Genus Gryllus
field crickets

Key to genera of Gryllinae (field crickets, in the broad sense).

Species of the genus Gryllus (field crickets) are the most-studied of North American singing insects. They are large, easy to rear and handle, and diverse in their acoustic behavior, ecology, and life cycles. Their early taxonomic history is instructive. Many species were described in the 1800s, but when Rehn and Hebard (1915) intensively analyzed 1,500 pinned Western Hemisphere specimens, they concluded that all native American Gryllus belonged to a single "exceedingly plastic" species, Gryllus assimilis. This conclusion held for more than 30 years, until B. B. Fulton (1952) studied, in the field and in captivity, living Gryllus in North Carolina. He showed there were four reproductively isolated populations that differed in their calling songs, habitats, and seasonal life cycles. Because he found no defining morphological differences, Fulton did not give scientific names to the species he had discovered. R. D. Alexander (1957) extended Fultonís studies of Gryllus to the Midwest, found a fifth species, and showed that most species pairs were separable by morphological characters, at least in one sex. He assigned scientific names, thus confronting museum curators with the fact that their trays of Gryllus assimilis probably contained mixtures of species none of which was likely to be G. assimilis. More importantly, differentiating and naming species of North American Gryllus made them inviting subjects for studies of evolution, behavior, and physiology.

Since 1957, six more Gryllus species have been recognized in the eastern United States and 5 additional ones have been found in the West. David Weissman is currently working on a revision of Gryllus from the western and central states that will probably more than double the number of recognized species.

Studies of calling songs and life histories are still the predominant means of recognizing new species of Gryllus. Once a new species is recognized, morphological differences may be easy or difficult to find.

Seasonal life cycles

Species of Gryllus from the same geographic locality may have very different seasonal life histories. In fact, the two most abundant field crickets in the Northeast are separable chiefly by their life histories. Gryllus veletis and G. pennsylvanicus (spring and fall field crickets) do not differ in song or habitat and differ morphologically only in the average length of the ovipositor relative to the body length. However, G. veletis overwinters as mid-sized juveniles and matures in spring, whereas G. pennsylvanicus overwinters as eggs and matures in fall. The two species co-occur as adults, in very small numbers, only briefly in midsummer. Thus, except for the occasional specimen collected during the period of overlap, the date of collection is sufficient to distinguish adults of the two species.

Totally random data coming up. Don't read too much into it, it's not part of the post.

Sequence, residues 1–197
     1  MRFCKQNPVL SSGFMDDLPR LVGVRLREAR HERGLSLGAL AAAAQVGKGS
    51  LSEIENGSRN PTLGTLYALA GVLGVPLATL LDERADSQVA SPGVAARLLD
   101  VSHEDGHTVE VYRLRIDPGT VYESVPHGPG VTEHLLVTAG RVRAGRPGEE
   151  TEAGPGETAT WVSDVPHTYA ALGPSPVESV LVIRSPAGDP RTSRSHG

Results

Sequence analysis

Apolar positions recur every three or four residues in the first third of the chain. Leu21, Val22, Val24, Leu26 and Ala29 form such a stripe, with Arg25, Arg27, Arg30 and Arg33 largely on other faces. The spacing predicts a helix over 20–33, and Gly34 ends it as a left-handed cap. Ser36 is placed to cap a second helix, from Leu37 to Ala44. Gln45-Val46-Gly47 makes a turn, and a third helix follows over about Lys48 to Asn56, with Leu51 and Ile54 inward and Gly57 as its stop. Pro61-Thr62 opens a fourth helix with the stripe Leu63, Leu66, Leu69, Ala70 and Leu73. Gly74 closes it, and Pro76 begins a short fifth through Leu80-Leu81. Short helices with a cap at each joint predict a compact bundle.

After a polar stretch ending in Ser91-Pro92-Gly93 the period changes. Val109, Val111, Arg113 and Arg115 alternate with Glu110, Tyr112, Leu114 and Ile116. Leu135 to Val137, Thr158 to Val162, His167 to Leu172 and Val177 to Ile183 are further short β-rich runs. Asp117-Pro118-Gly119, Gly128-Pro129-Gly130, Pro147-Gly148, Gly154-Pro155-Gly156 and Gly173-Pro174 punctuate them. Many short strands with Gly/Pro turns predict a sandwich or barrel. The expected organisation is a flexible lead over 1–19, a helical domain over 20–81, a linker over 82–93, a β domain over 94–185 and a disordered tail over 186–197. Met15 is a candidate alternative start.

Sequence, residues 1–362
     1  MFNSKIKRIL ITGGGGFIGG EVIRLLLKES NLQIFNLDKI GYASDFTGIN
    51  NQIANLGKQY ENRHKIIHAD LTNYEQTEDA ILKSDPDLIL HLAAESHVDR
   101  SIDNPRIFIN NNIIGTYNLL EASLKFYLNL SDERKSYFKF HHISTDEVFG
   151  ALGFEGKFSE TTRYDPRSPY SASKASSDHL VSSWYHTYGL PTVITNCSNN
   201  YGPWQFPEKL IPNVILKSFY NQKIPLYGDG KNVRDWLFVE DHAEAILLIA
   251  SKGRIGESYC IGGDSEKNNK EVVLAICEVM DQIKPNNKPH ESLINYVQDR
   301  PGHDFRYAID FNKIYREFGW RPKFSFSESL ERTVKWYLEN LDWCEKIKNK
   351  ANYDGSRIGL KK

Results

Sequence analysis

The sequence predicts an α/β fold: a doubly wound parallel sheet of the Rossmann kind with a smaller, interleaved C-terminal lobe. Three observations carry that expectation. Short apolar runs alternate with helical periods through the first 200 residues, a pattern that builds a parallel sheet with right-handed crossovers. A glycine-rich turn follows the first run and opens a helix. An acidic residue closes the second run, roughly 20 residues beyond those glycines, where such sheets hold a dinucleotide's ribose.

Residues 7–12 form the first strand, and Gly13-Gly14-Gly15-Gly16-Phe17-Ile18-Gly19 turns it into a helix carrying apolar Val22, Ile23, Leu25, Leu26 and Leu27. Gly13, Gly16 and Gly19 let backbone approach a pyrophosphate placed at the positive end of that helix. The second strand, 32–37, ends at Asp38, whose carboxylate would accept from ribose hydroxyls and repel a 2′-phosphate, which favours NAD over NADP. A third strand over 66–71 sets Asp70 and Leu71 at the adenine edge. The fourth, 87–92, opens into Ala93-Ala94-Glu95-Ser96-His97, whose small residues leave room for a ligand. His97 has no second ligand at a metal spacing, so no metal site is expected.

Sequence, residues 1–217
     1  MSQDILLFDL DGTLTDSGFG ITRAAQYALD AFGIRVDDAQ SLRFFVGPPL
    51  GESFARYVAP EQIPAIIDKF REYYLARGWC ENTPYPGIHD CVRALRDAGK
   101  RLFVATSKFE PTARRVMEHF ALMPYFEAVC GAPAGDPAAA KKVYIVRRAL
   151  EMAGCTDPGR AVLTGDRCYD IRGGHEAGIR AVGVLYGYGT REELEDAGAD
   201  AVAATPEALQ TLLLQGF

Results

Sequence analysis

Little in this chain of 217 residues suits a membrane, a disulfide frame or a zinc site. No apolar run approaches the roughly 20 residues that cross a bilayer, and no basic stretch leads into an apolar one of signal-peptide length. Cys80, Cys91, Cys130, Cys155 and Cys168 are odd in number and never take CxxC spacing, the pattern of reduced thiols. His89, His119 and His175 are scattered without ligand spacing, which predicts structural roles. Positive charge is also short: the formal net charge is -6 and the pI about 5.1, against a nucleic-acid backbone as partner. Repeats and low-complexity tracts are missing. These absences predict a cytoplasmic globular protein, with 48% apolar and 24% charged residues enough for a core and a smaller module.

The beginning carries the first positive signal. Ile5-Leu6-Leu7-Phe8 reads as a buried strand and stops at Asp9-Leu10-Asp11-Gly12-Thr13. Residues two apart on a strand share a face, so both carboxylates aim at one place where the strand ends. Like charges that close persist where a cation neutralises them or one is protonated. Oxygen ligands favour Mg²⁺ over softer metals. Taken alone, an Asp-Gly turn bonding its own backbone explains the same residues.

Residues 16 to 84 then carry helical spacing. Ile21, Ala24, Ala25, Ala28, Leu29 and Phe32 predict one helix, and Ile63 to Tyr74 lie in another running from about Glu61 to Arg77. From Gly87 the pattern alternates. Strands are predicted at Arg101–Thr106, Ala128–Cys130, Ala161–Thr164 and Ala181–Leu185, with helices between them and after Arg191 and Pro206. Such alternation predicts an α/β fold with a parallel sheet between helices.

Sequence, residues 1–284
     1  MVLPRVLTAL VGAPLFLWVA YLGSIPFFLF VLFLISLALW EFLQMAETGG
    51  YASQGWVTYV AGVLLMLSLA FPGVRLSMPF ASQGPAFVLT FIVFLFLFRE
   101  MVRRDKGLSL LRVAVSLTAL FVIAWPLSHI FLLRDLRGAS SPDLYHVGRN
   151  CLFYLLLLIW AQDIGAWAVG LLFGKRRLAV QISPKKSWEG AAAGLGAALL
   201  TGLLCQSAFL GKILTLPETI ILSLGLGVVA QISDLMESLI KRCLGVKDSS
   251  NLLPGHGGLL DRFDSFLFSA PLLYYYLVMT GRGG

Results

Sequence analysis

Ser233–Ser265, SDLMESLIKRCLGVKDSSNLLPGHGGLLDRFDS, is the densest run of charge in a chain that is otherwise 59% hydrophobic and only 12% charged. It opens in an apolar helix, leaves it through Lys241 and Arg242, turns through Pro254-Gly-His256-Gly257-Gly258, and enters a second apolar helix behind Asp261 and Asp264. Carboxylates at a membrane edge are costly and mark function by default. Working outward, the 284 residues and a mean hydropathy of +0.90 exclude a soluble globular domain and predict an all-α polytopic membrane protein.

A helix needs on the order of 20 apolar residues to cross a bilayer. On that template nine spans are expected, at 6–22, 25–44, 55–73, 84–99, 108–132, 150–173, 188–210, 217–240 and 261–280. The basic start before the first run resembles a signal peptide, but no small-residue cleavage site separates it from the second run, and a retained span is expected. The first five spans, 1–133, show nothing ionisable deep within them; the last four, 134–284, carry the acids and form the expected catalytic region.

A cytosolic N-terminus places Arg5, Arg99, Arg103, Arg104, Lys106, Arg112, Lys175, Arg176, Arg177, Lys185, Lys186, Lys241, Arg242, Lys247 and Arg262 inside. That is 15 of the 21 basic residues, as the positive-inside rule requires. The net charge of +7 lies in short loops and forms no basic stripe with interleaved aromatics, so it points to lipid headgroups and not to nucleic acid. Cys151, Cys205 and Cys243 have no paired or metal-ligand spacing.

G. veletis and G. pennsylvanicus, like many other Gryllus, have a single annual generation. Some species have two discrete generations per year (e.g., G. rubens) and others have generations that overlap (e.g. G. assimilis). G. firmus in Gainesville, Florida, has remarkably varied responses to seasons. It overwinters in all stages except small juveniles, and the eggs of a single female may hatch over a five-month period and the resulting juveniles may mature over a nine month period!

Representative life cycles
Asynchronous development
Phylogeny

Phylogeny

The evolutionary branching sequence (phylogeny) that produced the species of North American field crickets is important to those wishing to understand the evolution of the differences among the species. For example, the similarity of G. pennsylvanicus and G. veletis, except in their seasonal life cycles, led to the assumption that the two were sister species and to a theory of how the ancestral species might have produced the two species sympatrically by allochronic speciation (Alexander and Bigelow 1960). Subsequently, studies of chromosomes, allozymes, and mitochondrial DNA indicated that the split between egg and juvenile-overwintering species occurred early in the phylogeny of North American Gryllus and that G. pennsylvanicus and G. veletis were on different branches of the Gryllus family tree.

Huang et al. (2000) reconstructed the phylogeny of ten species of North American Gryllus based on the DNA sequences of two mitochondrial genes. Trios of closely related species were firmus-ovisopis-pennsylvanicus, texensis-rubens-lineaticeps, and fultoni-integer-veletis. G. assimilis was not closely related to any of the other species but it may form a monophyletic group with fultoni-integer-veletis.

References

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